It Looks like Obama is Still Using “Signature Strikes” Aimed at Unnamed People After All

Saturday, April 25, 2015
Drone Armed MQ-9 Reaper drone over Afghanistan (photo: Lt. Col. Leslie Pratt, US Air Force/AP)

President Barack Obama indicated two years ago that his administration would no longer employ “signature” drone strikes against U.S. threats overseas. A signature strike is one in which subjects are targeted based on patterns of behavior rather than intelligence about who they are. Because of the relative lack of knowledge about the targets, signature strikes tend to result in higher civilian death tolls.


But the January attack in which two hostages, including one American, were killed shows the Central Intelligence Agency (CIA) has continued to employ the tactic.


On January 15, the CIA launched a drone attack in western Pakistan that killed six individuals. The agency thought only four people were in the building that was targeted, but hostages Warren Weinstein of the United States and Giovanni Lo Porto of Italy were there as well. The mission was apparently a signature strike.


The January 15 strike was conducted despite Obama’s indication in a 2013 speech that the CIA wouldn’t use signature strikes after 2014, when American “combat operations” in Afghanistan were scheduled to end. Officials said Thursday that the deadline had not been enforced, Mark Mazzetti and Eric Schmitt of The New York Times reported.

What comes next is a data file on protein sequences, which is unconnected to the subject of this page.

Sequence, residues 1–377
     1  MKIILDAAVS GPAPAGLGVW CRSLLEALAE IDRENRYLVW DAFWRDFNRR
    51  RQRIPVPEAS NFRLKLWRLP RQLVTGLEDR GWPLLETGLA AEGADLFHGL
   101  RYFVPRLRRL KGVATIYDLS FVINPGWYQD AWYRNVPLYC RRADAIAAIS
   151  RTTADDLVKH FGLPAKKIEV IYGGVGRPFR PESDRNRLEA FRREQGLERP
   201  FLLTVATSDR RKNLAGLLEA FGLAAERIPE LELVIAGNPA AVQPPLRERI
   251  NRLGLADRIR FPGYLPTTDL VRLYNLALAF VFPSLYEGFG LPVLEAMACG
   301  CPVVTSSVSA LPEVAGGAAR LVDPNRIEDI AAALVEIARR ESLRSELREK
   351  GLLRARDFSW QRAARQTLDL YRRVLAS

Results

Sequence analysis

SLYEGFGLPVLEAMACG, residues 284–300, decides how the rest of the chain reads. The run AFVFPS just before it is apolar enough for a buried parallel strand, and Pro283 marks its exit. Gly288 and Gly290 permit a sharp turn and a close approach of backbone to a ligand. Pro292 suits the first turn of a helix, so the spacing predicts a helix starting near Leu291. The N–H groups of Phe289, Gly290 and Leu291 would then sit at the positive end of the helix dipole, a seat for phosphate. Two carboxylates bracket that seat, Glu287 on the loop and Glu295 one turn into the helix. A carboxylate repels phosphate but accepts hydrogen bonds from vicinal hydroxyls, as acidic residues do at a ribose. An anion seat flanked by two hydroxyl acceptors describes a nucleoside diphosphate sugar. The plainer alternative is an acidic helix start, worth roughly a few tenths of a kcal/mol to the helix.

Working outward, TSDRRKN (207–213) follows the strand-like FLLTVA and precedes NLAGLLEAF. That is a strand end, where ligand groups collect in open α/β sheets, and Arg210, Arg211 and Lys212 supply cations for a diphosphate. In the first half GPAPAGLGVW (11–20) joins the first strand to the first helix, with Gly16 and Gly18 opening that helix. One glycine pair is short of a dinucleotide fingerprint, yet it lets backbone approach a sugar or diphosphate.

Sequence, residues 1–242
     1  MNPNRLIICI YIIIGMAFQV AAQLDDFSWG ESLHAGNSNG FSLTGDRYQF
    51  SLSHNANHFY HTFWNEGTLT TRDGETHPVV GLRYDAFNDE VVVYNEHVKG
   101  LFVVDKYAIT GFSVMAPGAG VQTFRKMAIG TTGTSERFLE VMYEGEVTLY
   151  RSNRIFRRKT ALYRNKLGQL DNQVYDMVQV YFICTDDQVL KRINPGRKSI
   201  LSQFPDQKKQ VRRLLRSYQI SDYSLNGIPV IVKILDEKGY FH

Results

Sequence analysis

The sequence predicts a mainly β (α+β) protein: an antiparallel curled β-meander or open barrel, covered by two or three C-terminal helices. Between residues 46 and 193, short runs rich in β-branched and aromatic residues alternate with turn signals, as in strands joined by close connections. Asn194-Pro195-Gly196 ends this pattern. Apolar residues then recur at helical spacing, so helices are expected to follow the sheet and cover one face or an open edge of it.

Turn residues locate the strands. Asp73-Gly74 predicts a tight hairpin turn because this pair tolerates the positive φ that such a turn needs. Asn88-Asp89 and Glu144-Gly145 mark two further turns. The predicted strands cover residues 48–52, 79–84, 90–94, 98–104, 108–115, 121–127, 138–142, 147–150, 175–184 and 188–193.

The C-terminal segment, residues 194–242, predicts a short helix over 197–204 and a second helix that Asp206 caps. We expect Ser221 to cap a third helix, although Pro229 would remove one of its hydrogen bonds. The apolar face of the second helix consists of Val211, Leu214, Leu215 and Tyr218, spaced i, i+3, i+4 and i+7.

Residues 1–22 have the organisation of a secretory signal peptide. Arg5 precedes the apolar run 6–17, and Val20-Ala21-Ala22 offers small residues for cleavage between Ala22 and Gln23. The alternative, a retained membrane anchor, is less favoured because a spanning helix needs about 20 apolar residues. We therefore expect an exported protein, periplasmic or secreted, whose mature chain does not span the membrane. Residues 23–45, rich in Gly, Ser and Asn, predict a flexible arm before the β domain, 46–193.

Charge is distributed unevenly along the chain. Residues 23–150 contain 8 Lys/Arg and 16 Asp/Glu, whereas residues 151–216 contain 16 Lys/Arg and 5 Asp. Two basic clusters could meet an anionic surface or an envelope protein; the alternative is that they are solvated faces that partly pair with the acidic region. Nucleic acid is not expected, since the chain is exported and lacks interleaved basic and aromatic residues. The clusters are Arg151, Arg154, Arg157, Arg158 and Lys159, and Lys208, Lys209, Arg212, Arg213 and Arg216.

A paper by Kristina Benson of UCLA, published last year by the Global Business and Development Law Journal, found that “in spite of President Obama’s insistence that such strikes do not cause a ‘huge number of civilian casualties,’ there is mounting evidence that signature strike protocol does a poor job of distinguishing between combatants and noncombatants, resulting in a disproportionate amount of civilian casualties and the infliction of grave psychological trauma on civilians in a given strike zone.”

-Noel Brinkerhoff


To Learn More:

First Evidence of a Blunder in Drone Strike: 2 Extra Bodies (by Mark Mazzetti and Eric Schmitt, New York Times)

Remarks by the President at the National Defense University (White House)

The Unblinking Stare (by Steve Coll, New Yorker)

“Kill ‘em and Sort it Out Later:” Signature Drone Strikes and International Humanitarian Law (by Kristina Benson, Global Business and Development Law Journal) (pdf)

Obama Administration Debates Whether to Kill another American Citizen with Drone Strike (by Noel Brinkerhoff, AllGov)


Sam Kephart 9 years ago Emmy-winning journalist, Shad Olson, explores the controversy over U.S. drone policy, both at home and abroad. While technological sky supremacy gives America strategic superiority on the battlefield, the prospect of drone proliferation over U.S. cities is causing concern about loss of privacy, an end to Habeas Corpus and judicial due process and the destruction of Constitutional rights. South Dakota U.S. Senator John Thune and former U.S. Senate candidate, Sam Kephart share their views about the consequences of domestic drone deployment in the fight against terrorism. Originally aired on KNBN-TV, (NBC) NewsCenter1, Rapid City, South Dakota.

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